Each book is written in an easy to read and understand format, dividing each story into six chapters. The illustrations add a touch of whimsy and help support the text. Woolf retains essential clues, dialogue and plot, while highlighting the ordinary in the extraordinary. I was unfamiliar with all three stories that I read, allowing me to experience the tales with fresh eyes and an excitement to see how the clues were going to piece together. The Blue Carbuncle is a story with not many clues: just a plain and rather battered hat, a Christmas goose, a blue jewel and a person charged with its theft; but is that person guilty? Holmes and Watson sift through the seemingly unrelated clues, creating links and a path to follow. I quite enjoyed how it all came together in the end; a perfect 'holiday' crime story!

The Blue Carbuncle is a fun tale; this adaptation serves as a great introduction, for those who have discovered Enola Holmes on Netflix, to her famous brother. I will definitely be adding this series to my classroom library. Thank you to Arcturus Publishing and NetGalley for the ARC!
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I loved this! I think I understood that these are e-book only, I wish there were physical editions because I think there is a big market for them.
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Really good way of retelling the Sherlock Holmes stories, and to introduce them to children. Even as an adult I highly enjoyed these versions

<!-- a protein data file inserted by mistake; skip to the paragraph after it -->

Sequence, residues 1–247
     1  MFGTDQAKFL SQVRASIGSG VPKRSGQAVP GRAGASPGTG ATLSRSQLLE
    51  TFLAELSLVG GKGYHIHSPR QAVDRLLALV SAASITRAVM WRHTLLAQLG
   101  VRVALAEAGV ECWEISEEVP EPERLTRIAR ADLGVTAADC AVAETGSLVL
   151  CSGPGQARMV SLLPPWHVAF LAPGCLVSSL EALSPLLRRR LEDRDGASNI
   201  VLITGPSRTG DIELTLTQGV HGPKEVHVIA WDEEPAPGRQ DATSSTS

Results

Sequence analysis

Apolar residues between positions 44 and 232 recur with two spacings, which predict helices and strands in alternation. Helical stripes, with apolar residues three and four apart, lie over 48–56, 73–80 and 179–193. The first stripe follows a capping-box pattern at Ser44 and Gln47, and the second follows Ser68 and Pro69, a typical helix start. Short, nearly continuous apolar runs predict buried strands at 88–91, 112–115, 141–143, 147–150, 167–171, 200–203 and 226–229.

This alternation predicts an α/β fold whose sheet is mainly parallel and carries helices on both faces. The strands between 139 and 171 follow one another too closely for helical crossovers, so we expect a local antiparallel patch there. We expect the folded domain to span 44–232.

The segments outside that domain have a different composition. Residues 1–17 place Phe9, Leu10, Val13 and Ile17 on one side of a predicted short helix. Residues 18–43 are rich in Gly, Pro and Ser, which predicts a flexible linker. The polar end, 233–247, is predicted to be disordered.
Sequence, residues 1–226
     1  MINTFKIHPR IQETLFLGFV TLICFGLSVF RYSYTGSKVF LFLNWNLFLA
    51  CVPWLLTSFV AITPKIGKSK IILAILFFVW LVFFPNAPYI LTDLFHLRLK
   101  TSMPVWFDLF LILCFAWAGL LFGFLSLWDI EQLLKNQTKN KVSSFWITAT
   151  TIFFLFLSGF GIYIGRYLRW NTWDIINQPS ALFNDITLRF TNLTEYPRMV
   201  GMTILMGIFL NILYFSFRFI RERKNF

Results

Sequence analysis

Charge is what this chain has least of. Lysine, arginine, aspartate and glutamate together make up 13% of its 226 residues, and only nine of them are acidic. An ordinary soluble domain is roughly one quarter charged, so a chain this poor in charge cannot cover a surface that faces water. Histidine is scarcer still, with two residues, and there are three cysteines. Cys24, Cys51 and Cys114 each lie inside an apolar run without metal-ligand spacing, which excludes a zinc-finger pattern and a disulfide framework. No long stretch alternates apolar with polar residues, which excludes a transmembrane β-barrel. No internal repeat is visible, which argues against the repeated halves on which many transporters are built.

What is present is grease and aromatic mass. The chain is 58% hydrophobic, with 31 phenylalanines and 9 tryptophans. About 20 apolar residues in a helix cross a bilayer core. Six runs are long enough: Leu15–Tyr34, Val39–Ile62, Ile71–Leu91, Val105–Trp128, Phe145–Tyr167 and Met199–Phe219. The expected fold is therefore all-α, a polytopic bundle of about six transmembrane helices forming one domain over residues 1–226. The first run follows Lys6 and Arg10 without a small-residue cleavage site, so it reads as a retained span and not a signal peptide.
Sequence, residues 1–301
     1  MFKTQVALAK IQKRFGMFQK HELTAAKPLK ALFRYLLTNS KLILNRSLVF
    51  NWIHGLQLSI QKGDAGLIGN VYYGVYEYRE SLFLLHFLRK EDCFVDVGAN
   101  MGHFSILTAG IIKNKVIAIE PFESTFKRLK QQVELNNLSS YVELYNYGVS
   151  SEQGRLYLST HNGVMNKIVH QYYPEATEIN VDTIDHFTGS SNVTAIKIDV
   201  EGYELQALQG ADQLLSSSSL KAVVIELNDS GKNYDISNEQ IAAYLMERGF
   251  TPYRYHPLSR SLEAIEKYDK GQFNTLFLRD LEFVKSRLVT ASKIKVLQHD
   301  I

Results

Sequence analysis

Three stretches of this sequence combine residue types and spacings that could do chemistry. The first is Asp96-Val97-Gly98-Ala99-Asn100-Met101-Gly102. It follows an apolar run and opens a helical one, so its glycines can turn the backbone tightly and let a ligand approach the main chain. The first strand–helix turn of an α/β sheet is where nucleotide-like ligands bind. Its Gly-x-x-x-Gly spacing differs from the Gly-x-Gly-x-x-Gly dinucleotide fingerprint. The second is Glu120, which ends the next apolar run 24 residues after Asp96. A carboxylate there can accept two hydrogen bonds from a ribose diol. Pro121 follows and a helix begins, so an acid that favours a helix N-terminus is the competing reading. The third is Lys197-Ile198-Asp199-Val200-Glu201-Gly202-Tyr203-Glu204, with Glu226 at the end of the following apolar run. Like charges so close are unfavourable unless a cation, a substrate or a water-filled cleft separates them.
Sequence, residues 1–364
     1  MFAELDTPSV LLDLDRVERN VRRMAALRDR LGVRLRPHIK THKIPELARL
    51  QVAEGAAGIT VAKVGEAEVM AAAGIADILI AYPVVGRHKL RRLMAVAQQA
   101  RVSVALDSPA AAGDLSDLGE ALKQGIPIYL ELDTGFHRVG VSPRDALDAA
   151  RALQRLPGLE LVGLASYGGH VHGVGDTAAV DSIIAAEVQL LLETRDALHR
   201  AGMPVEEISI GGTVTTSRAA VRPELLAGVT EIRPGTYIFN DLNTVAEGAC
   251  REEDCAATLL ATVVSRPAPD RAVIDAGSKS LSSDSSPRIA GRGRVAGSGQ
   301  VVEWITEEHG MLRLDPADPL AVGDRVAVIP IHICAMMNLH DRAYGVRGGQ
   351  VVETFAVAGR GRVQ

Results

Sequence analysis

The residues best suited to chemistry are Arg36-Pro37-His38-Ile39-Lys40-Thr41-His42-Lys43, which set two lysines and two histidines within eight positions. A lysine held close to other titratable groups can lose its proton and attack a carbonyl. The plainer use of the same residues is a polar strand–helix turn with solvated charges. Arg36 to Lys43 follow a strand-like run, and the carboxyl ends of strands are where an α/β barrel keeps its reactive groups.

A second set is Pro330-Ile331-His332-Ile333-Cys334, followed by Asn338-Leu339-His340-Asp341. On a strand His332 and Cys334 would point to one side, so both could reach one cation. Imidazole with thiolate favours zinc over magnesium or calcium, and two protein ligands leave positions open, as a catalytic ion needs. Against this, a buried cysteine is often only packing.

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As noted in an earlier review, I very much enjoy this series of Sherlock Holmes titles for young readers. Each is a short chapter book with cartoonish illustrations. The stories are well and simply told while keeping that sense of wonder about the ways in Holmes is able to find clues and draw conclusions.

This time the story is a simple, illustrated retelling of The Blue Carbuncle. Readers are drawn in immediately as they find out what can be learned from a gentleman’s hat and a Christmas goose. Children will then learn what a carbuncle is, its connection to the goose and how it was stolen from a Countess. They will watch as the great detective observes and solves the case. Is the suspected thief really guilty or did something else happen? Holmes is sure to find out.

This book will be enjoyed by those who like mysteries and who already know or want to meet one of fiction’s most famous characters.